Data on CAD/MI have been contributed by CARDIoGRAMPLUSC4D investigators and downloaded from www.CARDIOGRAMPLUSC4D.ORG. CARDIoGRAMplusC4D Metabochip is a large case (n = 63,746)-control (n = 130,681) study, largely of European descent, mean age 56.9 years old, with genetic associations adjusted for age, sex and study specific covariates58. CARDIOGRAM is a subset of CARDIoGRAMplusC4D with more extensive genotyping52. Genetic associations with CAD/MI were obtained from CARDIoGRAMplusC4D if available; or else from CARDIOGRAM. CARDIoGRAMplusC4D 1000 Genomes is a case (n = 60,801)-control (n = 123,504) study, 77% of European descent, which partly overlaps with CARDIoGRAMplusC4D Metabochip50. Genetic associations with lipids (as inverse normal transformed effect sizes), including HDL-cholesterol, LDL-cholesterol and triglycerides, adjusted for age, age2 and sex, were obtained from the Global Lipids Genetics Consortium Results (http://csg.sph.umich.edu//abecasis/public/lipids2013/), with 188,577 participants of European descent and 7,898 participants of non-European descent, mean age 55.2 years old59. Genetic associations with diabetes, adjusted for age and sex, were obtained from the DIAbetes Genetics Replication And Meta-analysis (DIAGRAM), http://diagram-consortium.org/downloads.html, case (n = 34,840)-control (n = 114,981) study, mean age 57.4 years old60. Genetic associations, adjusted for age, sex and study-specific covariates, with HbA1c (n = 46,368)61, fasting glucose (mmol/L) (n = 108,557)62, 2 hour glucose (mmol/L) adjusted for BMI (n = 42,854)62, log-transformed fasting insulin (pmol/L) (n = 108,557)62, β-cell function (log-transformed homeostatic model assessment (HOMA-b), n = 46,186)63 and HOMA-insulin resistance (IR) (log-transformed HOMA-IR, n = 46,186)63 were obtained from the Meta-Analyses of Glucose and Insulin-related traits Consortium (MAGIC), http://www.magicinvestigators.org/, of people with no diabetes and of European ancestry. Genetic associations, adjusted for age, age2, and study-specific covariates, with inverse standard normal transformed BMI in 152,893 men and 171,977 women of European ancestry64 and inverse standard normal transformed WHR in 93,480 men and 116,741 women65, were obtained from the Genetic Investigation of ANthropometric Traits (GIANT), https://www.broadinstitute.org/collaboration/giant/index.php/GIANT_consortium_data_files.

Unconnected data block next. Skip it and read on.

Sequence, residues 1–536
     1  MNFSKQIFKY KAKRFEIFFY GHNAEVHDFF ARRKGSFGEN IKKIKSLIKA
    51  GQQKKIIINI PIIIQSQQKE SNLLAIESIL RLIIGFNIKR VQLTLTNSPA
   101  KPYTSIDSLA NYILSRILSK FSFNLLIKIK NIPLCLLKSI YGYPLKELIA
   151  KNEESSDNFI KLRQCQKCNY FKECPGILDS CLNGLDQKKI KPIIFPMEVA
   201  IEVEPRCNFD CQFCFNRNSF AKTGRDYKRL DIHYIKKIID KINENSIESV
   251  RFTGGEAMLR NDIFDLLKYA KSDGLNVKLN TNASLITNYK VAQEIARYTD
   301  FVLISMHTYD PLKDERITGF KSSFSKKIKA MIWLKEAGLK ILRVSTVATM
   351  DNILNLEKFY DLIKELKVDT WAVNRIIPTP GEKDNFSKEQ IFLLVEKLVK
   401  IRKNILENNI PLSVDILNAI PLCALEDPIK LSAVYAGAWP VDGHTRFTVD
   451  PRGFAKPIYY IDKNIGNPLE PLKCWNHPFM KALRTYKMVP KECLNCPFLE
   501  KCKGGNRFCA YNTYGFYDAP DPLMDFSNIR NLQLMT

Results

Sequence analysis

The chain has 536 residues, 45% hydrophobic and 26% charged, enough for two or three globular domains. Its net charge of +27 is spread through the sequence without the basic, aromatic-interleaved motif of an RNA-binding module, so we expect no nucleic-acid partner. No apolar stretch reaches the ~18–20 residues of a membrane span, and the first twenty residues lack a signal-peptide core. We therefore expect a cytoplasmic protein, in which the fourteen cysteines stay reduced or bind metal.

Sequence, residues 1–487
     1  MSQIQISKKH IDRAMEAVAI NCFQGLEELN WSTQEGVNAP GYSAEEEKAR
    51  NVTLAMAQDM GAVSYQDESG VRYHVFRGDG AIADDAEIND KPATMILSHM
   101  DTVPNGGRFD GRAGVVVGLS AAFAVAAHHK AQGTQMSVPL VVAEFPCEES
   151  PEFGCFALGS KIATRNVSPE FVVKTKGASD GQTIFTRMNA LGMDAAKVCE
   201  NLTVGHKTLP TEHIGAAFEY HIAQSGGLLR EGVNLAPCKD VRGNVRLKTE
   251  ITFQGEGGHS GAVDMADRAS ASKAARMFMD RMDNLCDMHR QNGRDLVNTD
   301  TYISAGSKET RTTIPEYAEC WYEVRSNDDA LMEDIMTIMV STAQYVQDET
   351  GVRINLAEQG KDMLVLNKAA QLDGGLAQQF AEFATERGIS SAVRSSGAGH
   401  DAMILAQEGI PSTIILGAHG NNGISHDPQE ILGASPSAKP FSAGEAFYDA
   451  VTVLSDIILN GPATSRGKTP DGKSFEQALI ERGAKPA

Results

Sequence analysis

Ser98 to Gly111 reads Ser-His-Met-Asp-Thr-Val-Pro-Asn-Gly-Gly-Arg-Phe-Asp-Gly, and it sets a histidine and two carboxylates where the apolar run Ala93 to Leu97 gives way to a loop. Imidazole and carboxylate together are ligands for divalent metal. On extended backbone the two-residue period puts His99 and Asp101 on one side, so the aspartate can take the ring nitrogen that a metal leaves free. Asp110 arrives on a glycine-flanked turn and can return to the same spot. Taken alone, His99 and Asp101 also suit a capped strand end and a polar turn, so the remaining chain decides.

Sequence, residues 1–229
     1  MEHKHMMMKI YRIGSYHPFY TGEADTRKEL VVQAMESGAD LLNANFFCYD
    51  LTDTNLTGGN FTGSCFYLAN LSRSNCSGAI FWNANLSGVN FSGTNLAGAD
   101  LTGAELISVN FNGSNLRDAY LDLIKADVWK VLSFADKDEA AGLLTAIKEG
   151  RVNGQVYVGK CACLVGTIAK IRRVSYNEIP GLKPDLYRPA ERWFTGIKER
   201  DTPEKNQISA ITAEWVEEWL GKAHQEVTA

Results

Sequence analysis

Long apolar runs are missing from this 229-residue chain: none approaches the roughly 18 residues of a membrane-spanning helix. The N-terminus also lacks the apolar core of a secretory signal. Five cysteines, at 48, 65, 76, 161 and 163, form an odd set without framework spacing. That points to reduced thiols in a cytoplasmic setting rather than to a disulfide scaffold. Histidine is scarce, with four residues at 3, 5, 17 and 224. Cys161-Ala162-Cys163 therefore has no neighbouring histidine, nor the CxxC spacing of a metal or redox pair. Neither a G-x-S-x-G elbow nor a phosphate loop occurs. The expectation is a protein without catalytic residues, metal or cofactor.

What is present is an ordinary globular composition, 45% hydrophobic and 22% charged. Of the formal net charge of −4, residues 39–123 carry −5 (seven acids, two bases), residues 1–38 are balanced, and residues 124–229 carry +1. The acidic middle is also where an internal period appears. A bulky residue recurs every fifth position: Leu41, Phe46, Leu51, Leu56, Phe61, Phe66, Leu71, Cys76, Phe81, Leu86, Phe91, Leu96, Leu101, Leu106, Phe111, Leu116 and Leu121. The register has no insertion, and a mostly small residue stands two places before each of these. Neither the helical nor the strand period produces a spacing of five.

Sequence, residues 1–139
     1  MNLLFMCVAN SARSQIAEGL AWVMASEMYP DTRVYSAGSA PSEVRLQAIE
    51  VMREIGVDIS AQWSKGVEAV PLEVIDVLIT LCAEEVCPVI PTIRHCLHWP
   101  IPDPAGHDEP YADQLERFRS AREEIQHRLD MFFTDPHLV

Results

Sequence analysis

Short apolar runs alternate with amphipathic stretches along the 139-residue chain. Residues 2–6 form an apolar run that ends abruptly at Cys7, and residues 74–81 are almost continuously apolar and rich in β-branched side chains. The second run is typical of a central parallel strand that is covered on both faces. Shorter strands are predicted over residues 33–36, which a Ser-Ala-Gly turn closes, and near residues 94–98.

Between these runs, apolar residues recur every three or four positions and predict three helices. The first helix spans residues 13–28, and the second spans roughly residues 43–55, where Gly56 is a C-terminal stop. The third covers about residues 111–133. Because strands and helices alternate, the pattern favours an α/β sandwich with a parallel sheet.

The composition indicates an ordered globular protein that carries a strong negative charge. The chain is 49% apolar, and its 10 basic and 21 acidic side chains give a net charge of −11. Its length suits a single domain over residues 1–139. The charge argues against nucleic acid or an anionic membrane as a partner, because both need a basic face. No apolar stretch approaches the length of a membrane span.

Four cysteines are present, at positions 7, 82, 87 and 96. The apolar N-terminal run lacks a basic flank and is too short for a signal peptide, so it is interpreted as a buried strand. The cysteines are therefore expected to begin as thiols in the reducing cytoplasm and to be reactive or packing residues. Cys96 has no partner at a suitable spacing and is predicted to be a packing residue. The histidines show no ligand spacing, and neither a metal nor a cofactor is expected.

The associations of TSH, FT4 and TPOAb positivity with CAD/MI and CVD risk factors were obtained from separate sample instrumental variable (SSIV) using the Wald estimate (the ratio of genetic association with CAD/MI and with TSH, FT4 and TPOAb positivity).
SNP-specific estimates were then combined using IVW with fixed effects for uncorrelated SNP and weighted generalized linear regression for correlated SNPs54. The standard deviation of the ratio was obtained from Fieller’s theorem78. The instrument strength is typically represented by the F-statistic72. In the two-sample summary data context and with uncorrelated genetic variants, we approximated the F-statistic for each genetic variant using an established formula72, and calculated the mean F-statistic for TSH, FT4 and TPOAb positivity. The IVW method assumes that all genetic variants are valid instruments72. We also used a weighted median method and MR Egger, because we wanted to account for the potential bias from invalid instruments when using multiple genetic variants as instrument79. The weighted median method provides a consistent estimate of the causal effect even when up to 50% of the information contributing to the analysis comes from genetic variants that are invalid instruments80. MR Egger tests for directional pleiotropy, under the assumption that pleiotropic effects of genetic variants are independent of instrumental strength80. To examine potential bias from SNPs which had associations with the outcomes other than via these exposures (violation of the exclusion restriction assumption), sensitivity analyses including SNPs which had potentially pleiotropic associations with the outcomes were conducted. We tested for heterogeneity using Cochran’s Q test, and tested for directional pleiotropy by testing the intercept from MR Egger, where a p-value of <0.05 indicates the presence of directional pleiotropy across the genetic variants included in the analyses81. To account for multiple comparisons, we also used a Bonferroni correction. All statistical analyses were conducted using R version 3.3.2 (R Foundation for Statistical Computing, Vienna, Austria).
Data availability statement
Data on CAD/MI have been contributed by CARDIoGRAMPLUSC4D investigators and downloaded from www.CARDIOGRAMPLUSC4D.ORG. Genetic associations with lipids were obtained from the Global Lipids Genetics Consortium Results (http://csg.sph.umich.edu//abecasis/public/lipids2013/). Genetic associations with diabetes are from the DIAbetes Genetics Replication And Meta-analysis (DIAGRAM), http://diagram-consortium.org/downloads.html. Genetic associations with glucose metabolism indicators were obtained from the Meta-Analyses of Glucose and Insulin-related traits Consortium (MAGIC), http://www.magicinvestigators.org/. Genetic associations with inverse standard normal transformed BMI and inverse standard normal transformed WHR were obtained from the Genetic Investigation of ANthropometric Traits (GIANT), https://www.broadinstitute.org/collaboration/giant/index.php/GIANT_consortium_data_files.
This analysis of publicly available data does not require ethical approval.